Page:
Blog archive


Tom Nixon

Design for the Wisdom of Crowds

More notes from SXSW. This was a great presentation by Derek Powazek. It was fast and covered a lot so I hope my notes make sense! Fire away in the comments if you want me to clarify anything.

If you put a group of people together, they’re not necessarily smart. Our job is to enable and facilitate people so that the magic happens.

Talking about the Francis Galton experiment to guess the weight of the cow. Everyone guessed wrong, but the average of the guesses was very close.

Same is true for guess the value of the coins in the jar.

Newspaper sites with ‘most emailed stories’ facility. People make their own choices, but we get a useful insight into what are the most popular stories of the day.

P2P filesharing: A group of people create a libray of things to share. The more people that share something, you can see what’s popular and get a Top 10 list of what the best tracks are by a particular artist.

Stock market: Lots of people making small decisions that together dictate the value of companies.

So why is so much community stuff on the web dumb? See YouTube comments!

Elements of wise crowds:

Diversity – wide variey of inputs
Independent – people must be able to contribute in their own way for the own reasons (not groupthink)
Decentralisation – nobody in charge
Aggregation – all of the diverse data needs to be brought together.

For the web:

1. Small, simple tasks: i.e. not having an open free text field for people to contribute, but a more defined way to contribute. Wisdom of crowds works well when there is a specific answer that we’re looking for, not an open ended question. Examples: HotOrNot (voting whether someone’s attractive) or Threadless (voting for T-Shirt designs.) Bad example: Assignment Zero – crowdsourcing experiment to get people to contribute to creating stories, but it was too open ended. Then changed tack to creating a list of people they would like to interview and then people volunteered to do the interviews. The collective task became more manageable.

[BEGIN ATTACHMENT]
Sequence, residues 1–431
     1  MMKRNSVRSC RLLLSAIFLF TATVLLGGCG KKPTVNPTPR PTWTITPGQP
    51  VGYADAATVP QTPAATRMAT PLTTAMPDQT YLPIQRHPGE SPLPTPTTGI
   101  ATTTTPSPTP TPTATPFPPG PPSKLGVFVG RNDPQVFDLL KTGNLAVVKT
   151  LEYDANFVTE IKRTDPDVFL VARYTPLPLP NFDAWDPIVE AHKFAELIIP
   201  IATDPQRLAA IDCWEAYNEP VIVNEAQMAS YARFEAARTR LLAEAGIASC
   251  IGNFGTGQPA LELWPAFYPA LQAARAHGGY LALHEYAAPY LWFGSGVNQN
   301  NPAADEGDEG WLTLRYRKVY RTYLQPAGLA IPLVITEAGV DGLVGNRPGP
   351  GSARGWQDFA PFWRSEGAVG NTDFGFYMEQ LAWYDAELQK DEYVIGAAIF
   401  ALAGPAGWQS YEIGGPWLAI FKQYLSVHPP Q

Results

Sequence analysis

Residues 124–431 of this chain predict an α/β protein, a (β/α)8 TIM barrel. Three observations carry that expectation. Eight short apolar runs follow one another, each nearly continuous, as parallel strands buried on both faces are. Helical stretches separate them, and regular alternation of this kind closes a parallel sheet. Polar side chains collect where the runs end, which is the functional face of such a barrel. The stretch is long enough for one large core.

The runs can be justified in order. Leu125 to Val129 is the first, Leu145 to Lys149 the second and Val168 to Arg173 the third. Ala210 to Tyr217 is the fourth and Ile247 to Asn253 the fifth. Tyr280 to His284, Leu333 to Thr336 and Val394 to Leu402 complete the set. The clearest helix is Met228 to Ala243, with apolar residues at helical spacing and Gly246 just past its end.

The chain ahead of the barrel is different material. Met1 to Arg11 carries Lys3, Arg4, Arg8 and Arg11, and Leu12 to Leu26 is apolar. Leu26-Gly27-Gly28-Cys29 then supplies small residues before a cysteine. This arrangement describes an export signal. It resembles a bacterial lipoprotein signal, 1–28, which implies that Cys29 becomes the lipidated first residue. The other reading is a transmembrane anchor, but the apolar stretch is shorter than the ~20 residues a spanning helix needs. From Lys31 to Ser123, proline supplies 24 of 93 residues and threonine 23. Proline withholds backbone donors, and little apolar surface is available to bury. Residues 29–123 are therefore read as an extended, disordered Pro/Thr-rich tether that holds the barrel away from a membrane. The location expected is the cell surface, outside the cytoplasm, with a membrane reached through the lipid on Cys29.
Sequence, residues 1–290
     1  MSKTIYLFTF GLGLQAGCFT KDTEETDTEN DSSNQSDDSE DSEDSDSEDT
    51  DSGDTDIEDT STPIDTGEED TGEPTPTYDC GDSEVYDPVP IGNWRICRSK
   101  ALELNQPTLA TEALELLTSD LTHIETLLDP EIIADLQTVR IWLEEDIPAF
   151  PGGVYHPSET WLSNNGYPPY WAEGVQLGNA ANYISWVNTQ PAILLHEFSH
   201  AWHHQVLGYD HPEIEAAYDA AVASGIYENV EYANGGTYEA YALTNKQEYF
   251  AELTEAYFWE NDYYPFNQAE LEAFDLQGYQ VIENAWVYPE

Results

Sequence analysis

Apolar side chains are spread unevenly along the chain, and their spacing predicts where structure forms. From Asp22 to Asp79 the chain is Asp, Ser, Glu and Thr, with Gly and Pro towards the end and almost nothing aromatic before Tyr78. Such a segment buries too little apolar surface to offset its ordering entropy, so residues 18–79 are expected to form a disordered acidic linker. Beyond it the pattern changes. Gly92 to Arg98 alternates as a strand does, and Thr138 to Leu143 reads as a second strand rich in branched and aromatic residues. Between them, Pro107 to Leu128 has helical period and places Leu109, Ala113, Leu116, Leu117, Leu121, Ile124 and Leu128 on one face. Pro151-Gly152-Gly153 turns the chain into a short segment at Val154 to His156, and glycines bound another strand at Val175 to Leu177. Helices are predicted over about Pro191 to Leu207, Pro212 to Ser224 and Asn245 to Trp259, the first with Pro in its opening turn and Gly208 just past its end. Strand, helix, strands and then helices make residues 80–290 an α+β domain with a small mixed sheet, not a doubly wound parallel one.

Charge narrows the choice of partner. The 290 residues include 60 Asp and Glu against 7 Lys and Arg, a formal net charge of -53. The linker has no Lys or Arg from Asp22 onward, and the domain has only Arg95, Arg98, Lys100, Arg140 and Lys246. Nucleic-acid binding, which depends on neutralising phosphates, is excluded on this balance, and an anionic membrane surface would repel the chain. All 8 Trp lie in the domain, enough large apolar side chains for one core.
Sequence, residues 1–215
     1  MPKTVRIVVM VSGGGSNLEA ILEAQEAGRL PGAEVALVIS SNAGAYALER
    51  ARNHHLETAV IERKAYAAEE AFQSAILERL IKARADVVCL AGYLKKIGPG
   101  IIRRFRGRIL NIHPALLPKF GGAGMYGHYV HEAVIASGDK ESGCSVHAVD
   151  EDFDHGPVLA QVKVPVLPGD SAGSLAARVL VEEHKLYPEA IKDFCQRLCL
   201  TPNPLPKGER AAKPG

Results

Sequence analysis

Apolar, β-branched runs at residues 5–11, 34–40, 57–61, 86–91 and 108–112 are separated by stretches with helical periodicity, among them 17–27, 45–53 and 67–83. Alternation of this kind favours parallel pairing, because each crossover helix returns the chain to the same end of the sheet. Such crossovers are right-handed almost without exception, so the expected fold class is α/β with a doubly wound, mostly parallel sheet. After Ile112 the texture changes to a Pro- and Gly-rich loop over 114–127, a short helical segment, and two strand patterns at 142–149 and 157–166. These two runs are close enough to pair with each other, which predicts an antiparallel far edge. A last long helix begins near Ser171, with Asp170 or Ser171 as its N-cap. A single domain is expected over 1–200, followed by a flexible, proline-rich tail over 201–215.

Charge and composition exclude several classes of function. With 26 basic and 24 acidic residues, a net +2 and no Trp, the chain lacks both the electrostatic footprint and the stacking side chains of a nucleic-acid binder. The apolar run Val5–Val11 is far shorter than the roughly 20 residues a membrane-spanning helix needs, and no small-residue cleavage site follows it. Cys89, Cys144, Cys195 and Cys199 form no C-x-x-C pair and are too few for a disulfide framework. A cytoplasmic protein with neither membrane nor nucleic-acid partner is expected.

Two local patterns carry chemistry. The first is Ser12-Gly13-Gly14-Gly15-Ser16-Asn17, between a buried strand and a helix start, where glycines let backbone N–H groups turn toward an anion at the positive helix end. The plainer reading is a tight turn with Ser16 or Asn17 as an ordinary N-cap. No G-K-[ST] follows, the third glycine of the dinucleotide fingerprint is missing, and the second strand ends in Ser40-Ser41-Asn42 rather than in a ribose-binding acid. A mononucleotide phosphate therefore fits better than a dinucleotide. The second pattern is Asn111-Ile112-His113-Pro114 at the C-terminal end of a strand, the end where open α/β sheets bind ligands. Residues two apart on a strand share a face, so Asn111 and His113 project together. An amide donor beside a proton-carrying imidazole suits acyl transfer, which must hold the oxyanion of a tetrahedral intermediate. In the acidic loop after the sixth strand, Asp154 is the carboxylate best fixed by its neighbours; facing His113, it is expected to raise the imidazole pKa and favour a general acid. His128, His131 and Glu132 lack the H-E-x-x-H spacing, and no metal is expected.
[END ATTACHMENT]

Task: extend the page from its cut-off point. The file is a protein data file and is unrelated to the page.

2. Given to a large diverse group: Opposite of GroupThink where decisions are made by a small clique where the priorities of the group are put before the selfish interests of the individuals. Design systems to encourage lots of people to participate. Bad example: Chevvy Tahoe experiment to allow people to create straplines for ads but people just took the piss “This asshole’s SUV”.

3. Design for selfishness: Large groups don’t participate for the good of the commons. Create systems where people can participate for their own selfish reasons. Threadless: “Submit an idea for a chance of fame and $25,000.” Google algorithm is based on links that humans have created for their own reasons. Nobody created links so that Google could have a great search engine. Tagging photos on Flickr – you do it for your own reasons, but it creates value for Flickr e.g. helping it to differentiate between ‘Apple’ as computer; fruit or New York.

4. Aggregating the results: We’re often talking about taking votes or inputs to score things and generate lists of outputs. The problem is that it becomes a game. Example: – takes the Favouriting behaviour in Twitter and aggregates the most popular tweets. There’s no public function to rank a tweet on the site, it just harvests an existing behaviour. So if we do these 4 things and it generates some outputs like a leaderboard, people might want to game the results. Example: Flickr ‘most interesting leaderboard’ which is an algorithm to find the most interesting photos on Flickr. Created an incentive for ‘bad behaviour’ on the site so people could game the system to get their photo onto the list. Same as SEO spam. Flickr changed how it displayed interestingness – instead of it being a ranked list (which people want to beat) and made it a random display of photos which it thinks are interesting. Makes is less of a game and so less likely to be gamed by people. Other examples: Threadless: on voting for T-Shirts – votes aren’t displayed until voting finishes to avoid groupthink. With online polls – you submit your answer before you see the results from others.